Blurb: Pakistani food as close to the real McCoy as possible
Intro: LahoriShah is the closest thing we Delhiites have to a pop-up restaurant. It changes its name and cuisine every winter, but this time it appears to have hit the jackpot.
Atmospherics: Into a car parking lot, right by auto workshops, while you’re wondering if you’re at the right place, you walk into the gate, and suddenly the grungy surroundings recede and an artistic studio around a courtyard comes into view. The tree in the centre of the whole place gives it character and makes sitting outdoors a pleasure: inside is a very distant second, so insist on outdoor seating when you make your reservation. The entire atelier is owned by a designer and while garments are the star of this show, the food is great and the restaurant itself slightly rough around the edges, which only adds to the charm.
Table Talk: Ignore the Butter chicken and chicken pakoras: plenty of other restaurants feature them. What you won’t get elsewhere are the Pakistani delights. Chappali kebab (Rs 425) are trademark flat kebabs with the right amount of spice, down to the whole chilli seeds and cumin. The rustic kebabs embody the soul of this restaurant beautifully: tasty enough yet slightly offbeat. Don’t bother about the supposedly Pakistani Heera Mandi ki Pyari seekh kebabs (Rs that are served on two foot long skewers: the marination is rather basic. Instead, Purani Dilli ki seekh kebabs (Rs 395) are great. The touch of ginger garlic paste lifts the flavour immensely.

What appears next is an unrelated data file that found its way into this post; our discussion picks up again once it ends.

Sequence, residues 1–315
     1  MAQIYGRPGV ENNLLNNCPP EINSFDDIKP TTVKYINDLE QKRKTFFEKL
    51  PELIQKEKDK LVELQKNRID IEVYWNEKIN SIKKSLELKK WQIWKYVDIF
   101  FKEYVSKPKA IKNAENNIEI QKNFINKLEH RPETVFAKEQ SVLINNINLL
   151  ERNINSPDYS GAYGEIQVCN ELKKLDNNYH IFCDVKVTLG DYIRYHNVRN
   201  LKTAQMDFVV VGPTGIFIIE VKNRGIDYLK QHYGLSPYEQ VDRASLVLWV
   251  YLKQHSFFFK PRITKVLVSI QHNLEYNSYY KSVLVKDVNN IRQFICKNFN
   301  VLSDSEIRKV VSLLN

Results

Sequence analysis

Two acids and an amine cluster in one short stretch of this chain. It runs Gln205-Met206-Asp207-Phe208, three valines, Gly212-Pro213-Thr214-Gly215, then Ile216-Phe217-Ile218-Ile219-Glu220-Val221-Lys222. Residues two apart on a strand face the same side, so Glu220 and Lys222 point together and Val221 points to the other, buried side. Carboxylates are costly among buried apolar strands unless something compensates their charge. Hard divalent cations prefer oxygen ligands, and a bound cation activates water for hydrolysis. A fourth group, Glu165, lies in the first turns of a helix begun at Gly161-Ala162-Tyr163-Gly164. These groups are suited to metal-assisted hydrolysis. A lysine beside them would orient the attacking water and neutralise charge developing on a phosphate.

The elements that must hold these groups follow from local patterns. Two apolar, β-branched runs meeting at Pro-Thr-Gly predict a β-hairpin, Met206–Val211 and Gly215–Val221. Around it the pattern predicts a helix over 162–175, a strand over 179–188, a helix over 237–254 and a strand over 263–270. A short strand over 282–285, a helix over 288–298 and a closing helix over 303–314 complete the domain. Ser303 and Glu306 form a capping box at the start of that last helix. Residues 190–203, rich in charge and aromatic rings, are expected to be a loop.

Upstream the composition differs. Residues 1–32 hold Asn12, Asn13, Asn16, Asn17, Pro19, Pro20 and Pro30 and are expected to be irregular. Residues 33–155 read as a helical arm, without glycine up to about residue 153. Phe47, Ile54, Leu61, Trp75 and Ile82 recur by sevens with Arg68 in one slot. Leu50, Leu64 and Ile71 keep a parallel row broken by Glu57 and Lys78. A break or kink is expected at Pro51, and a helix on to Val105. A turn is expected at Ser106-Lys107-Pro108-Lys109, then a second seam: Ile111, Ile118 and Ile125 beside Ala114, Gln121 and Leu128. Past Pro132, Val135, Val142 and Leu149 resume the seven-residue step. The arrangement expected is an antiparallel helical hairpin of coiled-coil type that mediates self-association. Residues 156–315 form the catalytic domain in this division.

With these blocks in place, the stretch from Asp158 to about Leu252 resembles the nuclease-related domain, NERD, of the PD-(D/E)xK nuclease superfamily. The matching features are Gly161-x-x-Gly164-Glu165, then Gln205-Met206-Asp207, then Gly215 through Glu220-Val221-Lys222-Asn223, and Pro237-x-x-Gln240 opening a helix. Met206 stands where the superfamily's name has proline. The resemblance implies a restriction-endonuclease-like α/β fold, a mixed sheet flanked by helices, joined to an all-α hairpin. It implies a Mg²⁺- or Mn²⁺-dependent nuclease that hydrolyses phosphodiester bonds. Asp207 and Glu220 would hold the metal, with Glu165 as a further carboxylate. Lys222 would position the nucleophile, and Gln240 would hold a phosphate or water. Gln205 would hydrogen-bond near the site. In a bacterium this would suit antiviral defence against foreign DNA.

However, it is the haleem that is the finest dish on the menu. Blended into a silken paste, you can sense the presence of a melange of dals, along with enough broken wheat to give it body. Eat it with the rather filling and heavy breads on the menu: Til Chade Nan and Lal Roti with equal quantities of ghee and red chilli powder.
Plus and minus: The one thing to avoid is the nawabi biryani (Rs 625). Made using every shortcut in the book, it is devoid of flavour – either of aromatic spices or of lamb stock. And the Anarkali ki Nihari (Rs 645) is an intriguing dish. The gravy seems to have been made by using rather unconventional means, though the dish is tasty.
Must tries: Keema Mash ki dal, Lahori Murgh, Imli Til ke Chawal
E 12/70 Hauz Rani, Saket
Open from 7.30 pm to 11.30 pm (check weekend timings: they maybe open for lunch on Fridays, Saturdays, Sundays depending on demand)
Tel: (+91) 9999795285, (+91) 11 26671270
Meal for two: Rs 2,500